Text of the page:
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Hail Mary TD helps Vols in The Swamp

9/21/2003

GAINESVILLE, Fla. (AP) -- With no time left and nothing to lose,
Casey Clausen stepped up in the pocket and let the ball fly -- a
what-the-heck shot into the end zone to close out the first half.

The result: A lucky go-ahead touchdown for Tennessee (No. 12 ESPN/USA Today, No. 12 AP), and
the turning point of a 24-10 victory over Florida (No. 17 ESPN/USA Today, No. 17 AP), which
tried but failed to beat the Vols at their own game Saturday.

"That's one of those plays you work on all the time," said
James Banks, who caught the ricocheting 48-yarder. "You never
think you're going to run it, or that it's going to work."

This time, though, it did.

Clausen also hit on the only other long ball he threw -- a
57-yard beauty to Bret Smith in the third quarter. That one set up
the first of two touchdown runs by Jabari Davis, as the Volunteers
(3-0) won their Southeastern Conference opener and set themselves
up as early front-runners in the SEC East.

Clausen and the Vols had some help with this one.

Coach Ron Zook of Florida (2-2, 0-1) pulled this game plan out
of the stone ages -- or maybe out of the Tennessee playbook -- in an
attempt to run the ball, play it close to the vest and eke out a
win.

It was the style Gators fans used to ridicule when it was Vols
coach Phillip Fulmer getting flummoxed by Steve Spurrier's Fun 'N'
Gun. But that was back in the day. This time, Zook got outcoached,
maybe simply because, in his 12 years as head coach at Tennessee,
Fulmer has become a master at the running and field-position game.

"Things change in this game," Fulmer said. "If I had three
running backs like Florida does, I'd play that way, too."

The game turned late in the first half. Behind Ciatrick Fason,
DeShawn Wynn and Ran Carthon, the Gators were grinding on the
ground, nursing a 3-0 lead. They took over at their 20 and Zook
called a running play on first down, a sign the Gators might be
happy to take the lead into the locker room.

But a 6-yard gain led Zook to call a timeout with 40 seconds
left. Ingle Martin followed with an incompletion, and on third
down, Carthon ran for no gain.

Fulmer called timeout to force a punt, and on the last play of
the short drive, Clausen winged it; the ball hit off a couple
Gators and into the hands of Banks, and Tennessee had an unexpected
7-3 lead at halftime.

"Everyone did their job, except for the ball," Gators safety
Daryl Dixon said.

The rest of Tennessee's second straight win in The Swamp -- its
34-32 win here late in the 2001 season knocked Florida out of the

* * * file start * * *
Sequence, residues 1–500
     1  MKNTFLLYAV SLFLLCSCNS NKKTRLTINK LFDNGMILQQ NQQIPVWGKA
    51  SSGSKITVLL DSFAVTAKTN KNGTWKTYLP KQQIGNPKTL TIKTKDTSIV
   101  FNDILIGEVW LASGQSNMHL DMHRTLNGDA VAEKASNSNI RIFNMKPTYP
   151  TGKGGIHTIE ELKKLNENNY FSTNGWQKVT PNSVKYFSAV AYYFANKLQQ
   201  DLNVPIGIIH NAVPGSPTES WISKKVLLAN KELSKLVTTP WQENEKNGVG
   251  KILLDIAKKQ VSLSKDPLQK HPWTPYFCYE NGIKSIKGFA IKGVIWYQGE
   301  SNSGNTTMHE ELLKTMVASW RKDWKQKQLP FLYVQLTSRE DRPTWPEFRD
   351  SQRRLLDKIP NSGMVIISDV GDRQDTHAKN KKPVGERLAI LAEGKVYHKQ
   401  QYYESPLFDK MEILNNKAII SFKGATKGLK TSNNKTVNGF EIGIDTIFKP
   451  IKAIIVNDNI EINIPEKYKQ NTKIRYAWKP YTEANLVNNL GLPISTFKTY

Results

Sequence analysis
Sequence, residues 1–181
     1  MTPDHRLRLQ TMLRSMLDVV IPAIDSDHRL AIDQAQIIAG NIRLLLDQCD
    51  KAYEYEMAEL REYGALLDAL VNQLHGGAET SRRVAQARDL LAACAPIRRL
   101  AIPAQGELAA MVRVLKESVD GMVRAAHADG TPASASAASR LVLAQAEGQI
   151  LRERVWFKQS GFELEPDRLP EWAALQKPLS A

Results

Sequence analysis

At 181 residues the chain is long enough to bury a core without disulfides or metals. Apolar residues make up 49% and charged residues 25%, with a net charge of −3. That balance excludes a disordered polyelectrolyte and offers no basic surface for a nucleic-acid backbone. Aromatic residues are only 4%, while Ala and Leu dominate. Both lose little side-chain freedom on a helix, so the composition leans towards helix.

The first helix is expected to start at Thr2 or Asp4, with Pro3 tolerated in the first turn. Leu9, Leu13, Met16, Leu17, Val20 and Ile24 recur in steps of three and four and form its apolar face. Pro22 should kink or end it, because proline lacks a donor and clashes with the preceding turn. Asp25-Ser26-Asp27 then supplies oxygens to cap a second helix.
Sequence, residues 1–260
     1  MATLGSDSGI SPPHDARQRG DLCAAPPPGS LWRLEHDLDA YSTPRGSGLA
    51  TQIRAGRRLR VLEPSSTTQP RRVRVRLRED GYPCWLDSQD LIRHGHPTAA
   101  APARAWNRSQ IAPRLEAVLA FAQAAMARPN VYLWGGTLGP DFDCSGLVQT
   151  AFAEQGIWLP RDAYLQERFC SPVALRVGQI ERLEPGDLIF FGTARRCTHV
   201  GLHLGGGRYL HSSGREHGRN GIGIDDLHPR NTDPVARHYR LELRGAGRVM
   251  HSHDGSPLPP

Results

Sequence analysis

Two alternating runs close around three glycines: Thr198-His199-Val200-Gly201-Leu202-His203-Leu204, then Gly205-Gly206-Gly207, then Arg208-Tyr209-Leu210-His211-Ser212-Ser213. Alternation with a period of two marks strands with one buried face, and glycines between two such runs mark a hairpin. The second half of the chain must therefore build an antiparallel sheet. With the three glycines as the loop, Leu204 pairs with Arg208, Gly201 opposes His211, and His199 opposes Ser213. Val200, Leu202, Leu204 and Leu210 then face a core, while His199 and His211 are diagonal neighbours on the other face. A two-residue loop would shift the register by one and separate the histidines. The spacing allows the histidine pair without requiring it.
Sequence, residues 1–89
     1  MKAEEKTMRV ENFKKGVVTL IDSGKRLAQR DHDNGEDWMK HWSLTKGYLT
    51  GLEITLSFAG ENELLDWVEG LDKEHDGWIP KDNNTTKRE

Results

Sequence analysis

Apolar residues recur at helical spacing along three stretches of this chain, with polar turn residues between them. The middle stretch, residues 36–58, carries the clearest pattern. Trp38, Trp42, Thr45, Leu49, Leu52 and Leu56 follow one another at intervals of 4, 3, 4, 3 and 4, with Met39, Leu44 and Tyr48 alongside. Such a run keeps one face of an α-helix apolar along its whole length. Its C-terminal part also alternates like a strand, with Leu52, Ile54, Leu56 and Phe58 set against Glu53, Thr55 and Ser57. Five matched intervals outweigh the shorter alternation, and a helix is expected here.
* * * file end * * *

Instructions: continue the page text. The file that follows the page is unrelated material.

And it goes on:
national-title chase -- was somewhat predictable.

Clausen took advantage of a busted coverage and hit Smith to set
up a 1-yard run by Davis for a two-touchdown lead late in the
third.

Martin led a 77-yard drive to pull it back to seven, but then
the Vols did what good teams that play their style do: They marched
76 yards in 11 plays against a physically drained defense. Subbing
for Cedric Houston, who left with bruised ribs, Davis ran for 45 of
his 78 total yards on that drive, including the 9-yard TD that sent
many fans out of the stadium.

"We came out in the second half and just physically wore them
down," Clausen said.

Meanwhile, the Tennessee marching band wore itself out playing
"Rocky Top." Gators offensive lineman Max Starks vowed Clausen
would not get a chance to direct the band during postgame, as he
did in 2001, when the Vols ended a 30-year winless streak at The
Swamp. But Clausen was up on the ladder again -- directing, pumping
his fist and doing the Gator chomp, while the band played on.

Starks was not available for interviews after the game.

Clausen was.

"One thing I've been saying about this team is, `Don't doubt
us," he said.

The senior finished 12-for-23 for 235 yards and improved to 11-0
as a starter on the road.

Martin went 16-for-32 for 205 yards. Sharing time with Chris
Leak, Martin rarely threw downfield, opting instead for the screens
and dump-offs that offensive coordinator Ed Zaunbrecher's passing
attack is built around. Late in the game, he threw out of
desperation and padded the numbers.

But for the most part, the Gators wanted to run, and they did it
without much success. Wynn finished with 35 yards and Carthon had
33. At some points, they and their coach got booed by a crowd used
to seeing more entertaining football.

"Coach Spurrier was a genius as an offensive coordinator,"
said Gators receiver Kelvin Kight (7 catches, 77 yards). "We still
have a great one in Coach Zaunbrecher. We just didn't make the
plays today."

In all, Florida looked nothing like the team that nearly beat
Miami in the 38-33 loss two weeks ago. Nor did Tennessee look like
the team that allowed 382 yards and struggled with Marhsall in a
34-24 win, also two weeks back.

"This is just another step in the right direction," Fulmer
said.